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Our gastrointestinal, or gut, health is very near to our hearts—both physically and emotionally. It’s difficult to enjoy life to the fullest on an upset stomach. Even more important is the role that the biome, or beneficial bacteria, plays in keeping our system in equilibrium and free of serious disease.


Dr. Lida Aghdam, M.D., advises, “Avoid eating acidic food like gluten, dairy, red meat, caffeine that causes leaky gut and lowers your immune system. Take supplements good for healing gut like vitamin D, high-quality fish oil, high-quality curcumin and ginger. Stress releases cortisol that causes damage to patency of colon and worsens leaky gut, so try yoga, meditation or dancing to decrease stress levels. Minimize medication, especially antibiotics, that damages your gut health. Good normal daily bowel movements is important to keep your gut healthy.”


Natural Balance Clinic is located at 4819 State Hwy. 121, Ste. 14, in The Colony. For more information, call 817-488-7878.


Constantine Kotsanis, M.D., recommends the five R’s of gut healing and restored health.


“Remove: Antagonistic factors can inhibit proper digestion, absorption and utilization of nutrients, as well as elimination of waste products. Removing these is the first step in optimizing health and wellness—food triggers: sensitivities, allergies, FODMAPs infections: bacteria, virus, fungal, parasite stress: physical, emotional, environmental, hernia, fast eating, eating late and unnecessary meds (NSAID, PPI).


“Replace: There are many essential elements required for proper digestion and absorption. Adequate levels of these can be compromised by drugs, disease, aging and/or diet, and must be replaced for optimal digestion—digestive enzymes, hydrochloric acid, bile acids and nutrient deficiencies.


“Repair: The gut lining can be severely compromised during periods of inflammation, stress, disease and exposure to allergens over time. Repairing the gut lining is essential to ensure proper absorption of nutrients. Nutrients that may help are zinc carnosine, vitamins A, D and C, amino acids, particularly L-glutamine, deglycyrrhizinated licorice (DGL) and serum-derived immunoglobulins (delivered orally).


“Reinoculate: A healthy gut flora population can help reduce inflammation. Beneficial bacteria can flourish by taking in food naturally rich in probiotics, as well as supplements that contain the so-called “good” bacteria such as Bifidobacteria and Lactobacillus species. It’s also essential to consume foods high in soluble fiber called prebiotics. This helps feed the beneficial bacteria.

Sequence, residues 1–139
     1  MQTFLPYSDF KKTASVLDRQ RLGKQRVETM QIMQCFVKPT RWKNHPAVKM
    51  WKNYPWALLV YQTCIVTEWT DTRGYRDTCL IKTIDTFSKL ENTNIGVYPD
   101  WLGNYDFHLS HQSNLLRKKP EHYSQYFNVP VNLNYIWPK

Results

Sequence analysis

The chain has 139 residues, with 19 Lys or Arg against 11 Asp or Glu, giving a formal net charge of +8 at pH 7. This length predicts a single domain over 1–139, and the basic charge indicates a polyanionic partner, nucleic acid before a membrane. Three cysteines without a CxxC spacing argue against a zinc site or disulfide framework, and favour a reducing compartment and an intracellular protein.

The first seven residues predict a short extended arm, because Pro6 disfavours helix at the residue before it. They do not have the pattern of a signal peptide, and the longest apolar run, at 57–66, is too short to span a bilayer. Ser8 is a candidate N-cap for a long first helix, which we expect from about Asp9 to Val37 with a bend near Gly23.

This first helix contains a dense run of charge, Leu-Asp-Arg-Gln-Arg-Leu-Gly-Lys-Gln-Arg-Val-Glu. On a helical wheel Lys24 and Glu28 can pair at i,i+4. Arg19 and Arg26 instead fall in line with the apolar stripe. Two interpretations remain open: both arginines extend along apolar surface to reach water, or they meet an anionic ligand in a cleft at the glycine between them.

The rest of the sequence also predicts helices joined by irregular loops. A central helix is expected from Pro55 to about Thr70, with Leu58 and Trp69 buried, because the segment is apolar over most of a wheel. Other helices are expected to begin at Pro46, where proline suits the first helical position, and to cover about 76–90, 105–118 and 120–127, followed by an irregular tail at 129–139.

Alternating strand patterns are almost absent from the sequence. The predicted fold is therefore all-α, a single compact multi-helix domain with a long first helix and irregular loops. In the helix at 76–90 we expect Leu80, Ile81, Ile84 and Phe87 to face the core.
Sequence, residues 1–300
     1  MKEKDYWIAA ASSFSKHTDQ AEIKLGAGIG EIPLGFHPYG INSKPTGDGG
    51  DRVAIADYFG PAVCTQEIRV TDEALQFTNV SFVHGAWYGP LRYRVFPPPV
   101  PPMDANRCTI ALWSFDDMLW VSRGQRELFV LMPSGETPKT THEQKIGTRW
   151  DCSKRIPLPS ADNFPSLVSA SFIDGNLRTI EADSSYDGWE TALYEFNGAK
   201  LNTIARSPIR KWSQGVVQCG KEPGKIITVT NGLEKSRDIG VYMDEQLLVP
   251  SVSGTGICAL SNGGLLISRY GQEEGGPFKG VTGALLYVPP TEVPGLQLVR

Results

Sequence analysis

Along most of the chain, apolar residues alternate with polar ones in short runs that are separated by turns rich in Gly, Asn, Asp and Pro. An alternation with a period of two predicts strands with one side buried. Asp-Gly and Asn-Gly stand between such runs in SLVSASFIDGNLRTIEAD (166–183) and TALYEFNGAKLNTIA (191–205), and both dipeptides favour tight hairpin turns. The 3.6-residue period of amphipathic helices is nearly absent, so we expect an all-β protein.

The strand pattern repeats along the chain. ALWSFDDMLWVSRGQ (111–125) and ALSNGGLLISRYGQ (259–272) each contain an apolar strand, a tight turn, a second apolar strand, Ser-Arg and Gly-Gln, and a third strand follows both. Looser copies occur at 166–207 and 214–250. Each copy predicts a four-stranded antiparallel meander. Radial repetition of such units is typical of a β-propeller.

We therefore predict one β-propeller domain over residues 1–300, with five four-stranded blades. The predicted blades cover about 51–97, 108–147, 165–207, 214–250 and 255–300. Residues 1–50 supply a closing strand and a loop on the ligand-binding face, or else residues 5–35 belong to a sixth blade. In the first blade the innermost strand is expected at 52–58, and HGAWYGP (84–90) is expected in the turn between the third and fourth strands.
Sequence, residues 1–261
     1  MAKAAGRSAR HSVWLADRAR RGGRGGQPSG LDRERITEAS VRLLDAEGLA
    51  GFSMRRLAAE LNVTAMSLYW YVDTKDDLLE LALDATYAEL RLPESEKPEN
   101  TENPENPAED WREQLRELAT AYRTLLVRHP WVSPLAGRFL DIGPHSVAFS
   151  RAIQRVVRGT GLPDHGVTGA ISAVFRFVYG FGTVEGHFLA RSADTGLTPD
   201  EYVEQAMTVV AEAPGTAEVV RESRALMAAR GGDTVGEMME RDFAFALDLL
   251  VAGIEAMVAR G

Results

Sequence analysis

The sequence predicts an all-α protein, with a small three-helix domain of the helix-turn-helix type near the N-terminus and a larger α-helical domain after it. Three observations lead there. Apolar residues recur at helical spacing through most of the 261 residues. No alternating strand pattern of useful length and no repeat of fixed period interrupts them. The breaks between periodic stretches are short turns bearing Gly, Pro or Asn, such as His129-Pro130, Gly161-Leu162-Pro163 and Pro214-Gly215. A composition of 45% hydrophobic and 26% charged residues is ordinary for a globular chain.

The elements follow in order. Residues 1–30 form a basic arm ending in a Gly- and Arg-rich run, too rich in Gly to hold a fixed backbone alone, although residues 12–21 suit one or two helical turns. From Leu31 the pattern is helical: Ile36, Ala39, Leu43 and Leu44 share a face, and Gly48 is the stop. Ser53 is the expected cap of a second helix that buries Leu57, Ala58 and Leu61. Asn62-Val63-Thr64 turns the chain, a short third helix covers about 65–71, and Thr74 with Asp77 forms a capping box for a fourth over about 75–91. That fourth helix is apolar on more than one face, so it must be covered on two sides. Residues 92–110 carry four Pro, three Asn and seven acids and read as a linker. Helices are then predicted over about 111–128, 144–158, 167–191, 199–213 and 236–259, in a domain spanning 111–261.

“Rebalance: This is where lifestyle comes into play. Pay attention to lifestyle choices that affect the GI tract—sleep hygiene, type and amount of exercise, stress management, mastication(chew for one to two minutes), avoid excessive fluid intake at mealtime, parasympathetic tone (external stressors can increase sympathetic drive and reduce and parasympathetic drive). With practices like yoga, meditation, deep breathing, good sleep and other mindfulness-based practices, you can help restore hormone balance that will protect your gut and subsequently, your entire body.”


Kotsanis Institute is located at 2260 Pool Rd., in Grapevine. For more information, call 817-481-6342.


Betty Murray, a functional medicine certified practitioner and certified nutritionist specializing in gastrointestinal disorders and autoimmune conditions, believes that good fences makes good neighbors. She says, “Protect your gut lining, and your microbes will protect your immune health. Here are the top five steps you can take to create a healthy gut. Eat a whole foods-based diet with lots of fiber. Modern life and foods may actually be the primary driver of gut inflammation.


“There is evidence that the standard American diet, low in fiber and high in sugar and saturated fats, may initiate a leaky gut. A diet high in fiber feeds our good bacteria and keeps our bowels regular. Eat Probiotic-rich foods, which are live probiotic foods. Natural, bacterial fermented foods like pickles, chutney, kimchi, kombucha, yogurt, and kefir provide probiotics to your digestive tract. These can be found in the cold section of your grocery store. Or take a full-spectrum probiotic. Lower your stress levels. Chronic stress is hard on the body and can kill some of your most helpful probiotics and shut down one of the immune responses called immunoglobulin A that protects you from viruses and pathogens.


“Check for food intolerances or get your microbiome tested. Digestive issues, heartburn, bloating, gas, fatigue or sudden weight changes can be signs of a gut out of balance. Testing for food sensitivities and stool testing can help indicate imbalances in the gut microbes and digestive function. Limit medications that may damage the gut lining. Common medications may hurt your gut lining, including pain relievers such as NSAIDs, antibiotics and laxatives, and proton pump inhibitors.”


Living Well Dallas Functional Medicine Center is located at 17000 Preston Rd., Ste. 400, in Dallas. For more information, call 972-930-0260.



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